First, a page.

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RE: Curved line not wiggles - interesting small UK garden

How serendipitous that this should be a recent topic when I happened to check the forum tonight... We are in the process of revising our landscaping, and I am currently unhappy with our garden bed lines in the front yard because I think they are too squiggly!

I gave our landscape designer a concept plan for the front yard (where we're widening what used to be narrow beds and reducing turf grass), which showed how I envisioned the garden bed line gently sweeping up along our driveway, across the yard in front of the (straight) raised bed along the porch, and then back down along our entry walkway. She basically took the line on my concept plan and squiggled it. I told her I wasn't sure I liked the squiggles, but after a couple more drafts that I wasn't crazy about for other reasons, I decided her first attempt wasn't bad and maybe the squiggles would "make sense" after she plugged in suggested plant material. We were approaching 50% over her estimated design time on our overall design at this point (after spending most of the time on the backyard design), so I guess I just decided it wasn't worth the extra design money to nit pick over a few squiggles in the bed lines.

I "get" the curve she placed around where there is a new tree planted, but the bed widening is now complete in the front yard and I'm just not warming up to the gratuitous curves. They're not *nearly* as extreme as the super squiggly examples above, but they are a little past my comfort level with curves "just because". I'm planning on going out this weekend to dig out and adjust the edging and reduce the slightly overzealous curves that don't make sense to me. Hopefully the grass I have to remove to adjust the curves will be enough to fill in the areas where more grass will be needed, but even if not I'd rather have some bald patches that will fill in eventually than curves that will irk me. My husband thinks I'm crazy and that the lines will look fine once stuff is planted, and maybe he's right, but I know myself too well ;)

I like gentle sweeping curves, and don't mind more accentuated curves where they make sense; around trees and large shrubs or other objects/areas, for functional purposes, artistic purposes, etc., and I absolutely love meandering pathways. But I'm not a fan of curves just for the sake of curves.


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RE: Curved line not wiggles - interesting small UK garden

I'm sure some math genius already has come up with a formula, maybe "curve radius should be at least 1/10 of the width of the garden space it is in" (fill in desired numeric value) - or "curve shouldn't cover more than 1/4 of a circle". About Ink's recent picture - something else beside the curve is bugging me when I look at it: the wall appears too close to the tree and seems to "cut" through tree roots (invisible, but present in the picture in my head) - I had a similar situation in my own yard where a stone edge was so close to a tree it was painful to see. Relocating the edge was a big improvement. Purely design-wise, the curve is OK - but plants are treated as inanimate furniture in this scheme. Am I being too harsh now?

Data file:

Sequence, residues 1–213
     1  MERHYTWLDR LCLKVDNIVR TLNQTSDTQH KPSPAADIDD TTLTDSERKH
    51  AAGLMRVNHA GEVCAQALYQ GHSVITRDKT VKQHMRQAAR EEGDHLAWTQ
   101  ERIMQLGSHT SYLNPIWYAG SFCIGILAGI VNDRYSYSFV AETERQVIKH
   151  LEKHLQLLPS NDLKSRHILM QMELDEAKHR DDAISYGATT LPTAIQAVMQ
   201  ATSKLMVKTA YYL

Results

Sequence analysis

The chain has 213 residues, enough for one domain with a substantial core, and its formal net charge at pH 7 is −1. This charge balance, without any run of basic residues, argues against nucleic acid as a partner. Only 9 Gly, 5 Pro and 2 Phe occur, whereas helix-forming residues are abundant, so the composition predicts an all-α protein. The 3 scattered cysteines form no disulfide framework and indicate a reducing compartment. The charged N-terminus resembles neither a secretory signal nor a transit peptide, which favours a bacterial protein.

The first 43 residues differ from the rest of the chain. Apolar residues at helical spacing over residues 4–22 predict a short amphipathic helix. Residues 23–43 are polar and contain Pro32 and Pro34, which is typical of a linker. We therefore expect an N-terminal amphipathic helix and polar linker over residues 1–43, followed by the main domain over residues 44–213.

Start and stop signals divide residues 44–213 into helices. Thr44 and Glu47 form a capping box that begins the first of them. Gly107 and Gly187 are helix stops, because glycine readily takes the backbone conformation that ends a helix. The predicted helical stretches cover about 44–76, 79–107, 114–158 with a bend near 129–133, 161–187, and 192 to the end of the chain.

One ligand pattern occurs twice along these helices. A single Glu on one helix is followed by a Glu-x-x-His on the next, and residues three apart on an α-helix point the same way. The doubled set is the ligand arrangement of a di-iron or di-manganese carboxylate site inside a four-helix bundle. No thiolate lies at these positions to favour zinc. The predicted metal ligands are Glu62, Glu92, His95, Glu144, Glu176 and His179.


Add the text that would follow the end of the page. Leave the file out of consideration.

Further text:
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RE: Curved line not wiggles - interesting small UK garden

Woody: the bench and wall dominates the photographand is only a vignette and since the photograph was taken to showcase the bench and wall...there ya go.


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RE: Curved line not wiggles - interesting small UK garden

Ink - I noticed the quality of the stone wall - especially how neatly it deals with the grade change. The bench base is interesting (is the bench stable - i.e. how are the base and top connected to ensure the rock won't tip off the base?) but the regularily of the curves (although I do see the geometry of it all) is just too dominant for my taste. Sorry... :-)


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RE: Curved line not wiggles - interesting small UK garden

  • Posted by tibs 5/6 OH (My Page) on
    Sat, Dec 31, 11 at 16:34

I read in a garden design book of the early 1900's not to fight the grid pattern if you live in city/suburb. Go with the straight line or gradual curves. The curves of my beds were made by telling He-who-mows to mow the easiest line for mowing. Looks right - and he appreciates the less fiddling mowing that my gardening once caused him.


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RE: Curved line not wiggles - interesting small UK garden

Timbu,
The math genius that just might blow your mind : Fibonacci

Fibonacci - golden ratio.
http://en.wikipedia.org/wiki/Fibonacci_number

another who was less mathematical and more poetic :
William Hogarth
http://en.wikipedia.org/wiki/Line_of_Beauty

and how Fibonacci inspire a project - a motor court :

From random photos

From random photos

From random photos


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RE: Curved line not wiggles - interesting small UK garden

Too cool. And what happens when you reach the inner circle?


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RE: Curved line not wiggles - interesting small UK garden

I often find "wiggles" to be unpleasant, but there are places where they seem to fit. The subject brings to mind the sand bunkers of the golf courses of Hot Springs village.